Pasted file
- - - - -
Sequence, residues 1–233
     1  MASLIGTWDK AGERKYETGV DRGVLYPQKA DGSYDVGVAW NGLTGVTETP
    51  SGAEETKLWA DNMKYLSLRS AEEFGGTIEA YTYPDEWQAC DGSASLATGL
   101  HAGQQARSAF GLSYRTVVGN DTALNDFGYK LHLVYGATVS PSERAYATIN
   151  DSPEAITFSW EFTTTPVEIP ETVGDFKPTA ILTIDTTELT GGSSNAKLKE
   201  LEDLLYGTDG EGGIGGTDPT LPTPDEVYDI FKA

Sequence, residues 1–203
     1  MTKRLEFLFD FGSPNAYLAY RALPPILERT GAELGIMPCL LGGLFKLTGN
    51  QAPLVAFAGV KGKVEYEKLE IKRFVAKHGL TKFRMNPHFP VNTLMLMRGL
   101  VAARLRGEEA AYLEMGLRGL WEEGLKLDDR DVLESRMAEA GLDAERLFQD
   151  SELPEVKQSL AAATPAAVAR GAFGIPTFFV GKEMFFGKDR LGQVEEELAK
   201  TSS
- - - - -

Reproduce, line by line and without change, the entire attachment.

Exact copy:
Sequence, residues 1–233
     1  MASLIGTWDK AGERKYETGV DRGVLYPQKA DGSYDVGVAW NGLTGVTETP
    51  SGAEETKLWA DNMKYLSLRS AEEFGGTIEA YTYPDEWQAC DGSASLATGL
   101  HAGQQARSAF GLSYRTVVGN DTALNDFGYK LHLVYGATVS PSERAYATIN
   151  DSPEAITFSW EFTTTPVEIP ETVGDFKPTA ILTIDTTELT GGSSNAKLKE
   201  LEDLLYGTDG EGGIGGTDPT LPTPDEVYDI FKA

Sequence, residues 1–203
     1  MTKRLEFLFD FGSPNAYLAY RALPPILERT GAELGIMPCL LGGLFKLTGN
    51  QAPLVAFAGV KGKVEYEKLE IKRFVAKHGL TKFRMNPHFP VNTLMLMRGL
   101  VAARLRGEEA AYLEMGLRGL WEEGLKLDDR DVLESRMAEA GLDAERLFQD
   151  SELPEVKQSL AAATPAAVAR GAFGIPTFFV GKEMFFGKDR LGQVEEELAK
   201  TSS